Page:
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The Ending Of Longmire Explained

It has been nearly four years since "Longmire" came to its conclusion on Netflix after six seasons, and it's an ending that still has fans of the modern western show talking. "Longmire" was something of a rarity for a television series, as its first three seasons aired exclusively on A&E before the network suddenly canceled it. That wasn't the end for the show, however, as Netflix picked up the series for an additional three seasons, which allowed it to get the proper ending that fans hoped it would.

"Longmire" focused on Walt Longmire (Robert Taylor), the sheriff of Absaroka County, as he solved various violent crimes that happened both in his own jurisdiction and on the Cheyenne reservation. While Walt was always the driving force of the show, its supporting cast received plenty of screen time and character arcs, all of which were wrapped up in the show's sixth and final season. Its final episode, "Goodbye Is Always Implied," was the culmination of years of storytelling, and a testament to how far the show had morphed into something more serialized from its episodic roots.

So here's how "Longmire" wrapped up its final season, and what it means for the various characters living in Absaroka County.

Nighthorse's casino woes

After taking Henry Standing Bear (Lou Diamond Phillips) to the casino to illustrate its importance to their tribe, Jacob Nighthorse (A Martinez) is accosted by members of the tribe for his shady antics involving profits from the casino. Eventually, he and Henry are forced to leave after gunshots are fired in the crowd. It turns out that this is all a plot by the dastardly villain Malachi Strand (Graham Greene) to kidnap the two men using a mole in Nighthorse's security detail.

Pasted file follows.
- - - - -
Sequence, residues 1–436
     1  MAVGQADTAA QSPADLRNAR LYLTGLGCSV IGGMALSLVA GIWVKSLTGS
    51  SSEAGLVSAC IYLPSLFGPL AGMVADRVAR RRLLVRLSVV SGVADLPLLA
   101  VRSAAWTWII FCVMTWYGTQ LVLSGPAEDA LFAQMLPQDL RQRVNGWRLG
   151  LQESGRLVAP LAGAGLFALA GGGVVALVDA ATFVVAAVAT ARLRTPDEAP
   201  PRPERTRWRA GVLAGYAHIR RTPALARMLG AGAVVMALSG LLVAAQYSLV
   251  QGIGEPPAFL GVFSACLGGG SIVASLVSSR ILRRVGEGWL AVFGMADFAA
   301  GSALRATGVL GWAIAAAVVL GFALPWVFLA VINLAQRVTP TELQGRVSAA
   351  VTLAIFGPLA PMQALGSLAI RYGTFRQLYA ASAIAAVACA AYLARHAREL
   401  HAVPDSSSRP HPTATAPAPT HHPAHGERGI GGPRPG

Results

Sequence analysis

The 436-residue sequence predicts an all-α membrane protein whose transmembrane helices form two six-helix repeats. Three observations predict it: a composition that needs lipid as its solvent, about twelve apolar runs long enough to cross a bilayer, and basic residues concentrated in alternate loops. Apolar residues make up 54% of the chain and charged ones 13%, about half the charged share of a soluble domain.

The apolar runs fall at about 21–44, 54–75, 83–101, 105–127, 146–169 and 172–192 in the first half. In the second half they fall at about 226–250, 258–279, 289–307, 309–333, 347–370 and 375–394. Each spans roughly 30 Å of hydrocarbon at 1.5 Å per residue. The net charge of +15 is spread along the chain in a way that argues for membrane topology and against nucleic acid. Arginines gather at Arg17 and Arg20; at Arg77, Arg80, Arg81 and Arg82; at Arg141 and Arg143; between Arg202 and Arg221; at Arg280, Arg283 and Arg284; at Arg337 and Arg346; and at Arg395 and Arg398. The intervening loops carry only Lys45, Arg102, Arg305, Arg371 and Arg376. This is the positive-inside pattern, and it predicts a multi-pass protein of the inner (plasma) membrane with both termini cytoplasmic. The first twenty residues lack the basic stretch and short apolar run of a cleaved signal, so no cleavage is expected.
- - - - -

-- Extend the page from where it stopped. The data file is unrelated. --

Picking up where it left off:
Malachi plans to force Nighthorse to relinquish control of the casino over to him so that he can use the place for his own, arguably far shadier business practices. He threatens to kill Henry if Nighthorse doesn't do what he asks, and Nighthorse reluctantly agrees to Malachi's demands. However, Nighthorse had different plans before everything went wrong: to sign control of the casino over to Henry while Nighthorse is in prison. Nighthorse wants a good man in control of the future of their tribe, someone not as tempted by criminal activities as he has been.

While this development would certainly help Henry step up into a larger role in the Cheyenne tribe, it truly illustrates Nighthorse's growth over the course of "Longmire." While a corrupt and shady politician/businessman in his own regard, Nighthorse has always justified his actions as what's best for his tribe. His willingness to step aside and let someone else take control of such a vast business venture as the casino — especially someone like Henry, who has never agreed with his methods — shows incredible depth of character.

Walt to the rescue